Russia posts highest current account surplus since 1994

Russia’s foreign trade surplus is also rising massively due to energy exports

editor: REMIX NEWS
author: Mandiner
A woman walks past an exchange office screen showing the currency exchange rates of U.S. Dollar to Russian Rubles in St. Petersburg, Russia, Tuesday, July 5, 2022. (AP Photo/Dmitri Lovetsky)

Despite sanctions that were supposed to cripple Russia’s economy, the country has reported a record-breaking balance of payments surplus in the second quarter of this year.

The $70.1 billion surplus is the highest since 1994, after posting a surplus of $58.4 billion in the first three months of the year.

The explanation for the data published by the Russian central bank on Monday evening is simple: Moscow’s energy and raw material exports have continuously produced and are still generating dollar revenues, even if the direction of oil and gas exports has shifted as a result of Western sanctions imposed in response to Russia’s war against Ukraine.

On the import side, however, a strong decrease could be observed as a result of the sanctions, the data shows. Goods and services worth $72.3 billion arrived in Russia in the second quarter, compared to $88.7 billion in the January-March period. Exports also took a similar direction as Russian exports decreased from $166.4 billion dollars in the first quarter to $153.1 billion dollars in the second.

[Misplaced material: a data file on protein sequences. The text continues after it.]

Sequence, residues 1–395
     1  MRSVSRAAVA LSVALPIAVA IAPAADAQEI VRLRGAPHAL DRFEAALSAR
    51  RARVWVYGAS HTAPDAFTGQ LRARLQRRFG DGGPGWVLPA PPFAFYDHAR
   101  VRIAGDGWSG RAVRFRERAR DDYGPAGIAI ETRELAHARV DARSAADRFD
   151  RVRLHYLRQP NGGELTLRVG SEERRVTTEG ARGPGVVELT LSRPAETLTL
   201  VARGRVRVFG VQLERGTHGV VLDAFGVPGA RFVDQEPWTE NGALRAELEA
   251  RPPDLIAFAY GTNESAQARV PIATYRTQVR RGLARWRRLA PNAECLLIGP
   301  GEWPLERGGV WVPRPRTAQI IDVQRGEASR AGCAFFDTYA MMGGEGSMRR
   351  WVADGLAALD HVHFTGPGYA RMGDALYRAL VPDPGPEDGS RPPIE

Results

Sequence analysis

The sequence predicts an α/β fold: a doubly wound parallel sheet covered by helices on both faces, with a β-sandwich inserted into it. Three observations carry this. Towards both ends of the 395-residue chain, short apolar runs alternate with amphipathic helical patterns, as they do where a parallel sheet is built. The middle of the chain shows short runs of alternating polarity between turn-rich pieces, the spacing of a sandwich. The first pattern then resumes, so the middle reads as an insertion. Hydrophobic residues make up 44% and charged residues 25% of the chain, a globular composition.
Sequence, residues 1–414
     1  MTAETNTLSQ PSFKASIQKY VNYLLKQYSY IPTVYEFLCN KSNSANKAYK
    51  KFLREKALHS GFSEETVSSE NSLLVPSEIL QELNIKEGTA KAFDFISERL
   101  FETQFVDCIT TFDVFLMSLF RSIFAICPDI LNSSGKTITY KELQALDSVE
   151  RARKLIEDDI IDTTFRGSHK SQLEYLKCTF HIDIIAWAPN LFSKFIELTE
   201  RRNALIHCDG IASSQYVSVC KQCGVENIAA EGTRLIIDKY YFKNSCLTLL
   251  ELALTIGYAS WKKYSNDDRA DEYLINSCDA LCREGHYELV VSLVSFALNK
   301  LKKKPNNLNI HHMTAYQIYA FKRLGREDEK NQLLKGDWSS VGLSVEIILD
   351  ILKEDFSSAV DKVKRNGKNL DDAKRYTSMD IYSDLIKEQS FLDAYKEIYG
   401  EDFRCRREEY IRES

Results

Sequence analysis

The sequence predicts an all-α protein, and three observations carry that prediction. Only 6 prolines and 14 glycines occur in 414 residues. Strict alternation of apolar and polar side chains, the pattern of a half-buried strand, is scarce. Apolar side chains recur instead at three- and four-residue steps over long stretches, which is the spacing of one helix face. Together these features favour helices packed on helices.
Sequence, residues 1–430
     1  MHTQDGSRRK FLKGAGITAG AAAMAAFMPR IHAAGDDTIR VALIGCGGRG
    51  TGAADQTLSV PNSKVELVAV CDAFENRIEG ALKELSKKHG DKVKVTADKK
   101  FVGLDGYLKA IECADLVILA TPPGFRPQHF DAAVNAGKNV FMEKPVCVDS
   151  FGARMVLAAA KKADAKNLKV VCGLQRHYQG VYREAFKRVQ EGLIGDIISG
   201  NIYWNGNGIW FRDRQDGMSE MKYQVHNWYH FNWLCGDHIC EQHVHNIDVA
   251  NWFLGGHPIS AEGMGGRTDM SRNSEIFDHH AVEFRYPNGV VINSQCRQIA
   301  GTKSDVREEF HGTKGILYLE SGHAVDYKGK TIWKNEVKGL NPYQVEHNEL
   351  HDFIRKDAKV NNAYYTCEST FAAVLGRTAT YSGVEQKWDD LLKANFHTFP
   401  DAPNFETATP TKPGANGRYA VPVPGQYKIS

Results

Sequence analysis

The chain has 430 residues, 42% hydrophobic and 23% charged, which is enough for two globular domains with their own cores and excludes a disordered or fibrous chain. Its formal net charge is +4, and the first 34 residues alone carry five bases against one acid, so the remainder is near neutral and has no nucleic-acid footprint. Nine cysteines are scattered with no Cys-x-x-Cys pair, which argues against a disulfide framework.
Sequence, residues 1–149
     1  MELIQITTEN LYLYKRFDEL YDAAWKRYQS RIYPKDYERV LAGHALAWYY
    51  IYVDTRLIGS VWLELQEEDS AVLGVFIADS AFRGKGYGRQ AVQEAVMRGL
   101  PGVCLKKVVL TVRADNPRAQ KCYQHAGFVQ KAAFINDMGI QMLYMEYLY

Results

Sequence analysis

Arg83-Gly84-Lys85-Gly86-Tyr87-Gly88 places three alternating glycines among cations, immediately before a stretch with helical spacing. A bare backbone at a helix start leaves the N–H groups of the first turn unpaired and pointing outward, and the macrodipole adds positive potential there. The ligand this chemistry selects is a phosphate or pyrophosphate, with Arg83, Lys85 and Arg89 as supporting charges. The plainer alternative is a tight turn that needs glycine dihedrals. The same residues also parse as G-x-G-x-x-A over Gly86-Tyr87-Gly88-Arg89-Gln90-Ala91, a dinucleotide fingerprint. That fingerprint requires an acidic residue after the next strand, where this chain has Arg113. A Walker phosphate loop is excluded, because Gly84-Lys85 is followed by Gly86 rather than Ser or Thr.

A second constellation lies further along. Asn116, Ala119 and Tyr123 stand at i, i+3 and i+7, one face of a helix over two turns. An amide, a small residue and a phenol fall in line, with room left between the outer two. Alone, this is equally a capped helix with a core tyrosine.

While the Russian central bank did not provide direct data, analysts’ calculations show that the surplus increased from $14 billion in May to $28 billion in June and, thanks to the significant balance of payments surplus so far this year, the ruble was the best performer among emerging market currencies.

The numbers show and emphasize that despite Western sanctions, the Russians have no lack of foreign currencies (specifically dollars), and they are using their revenues mostly to finance the war against Ukraine.

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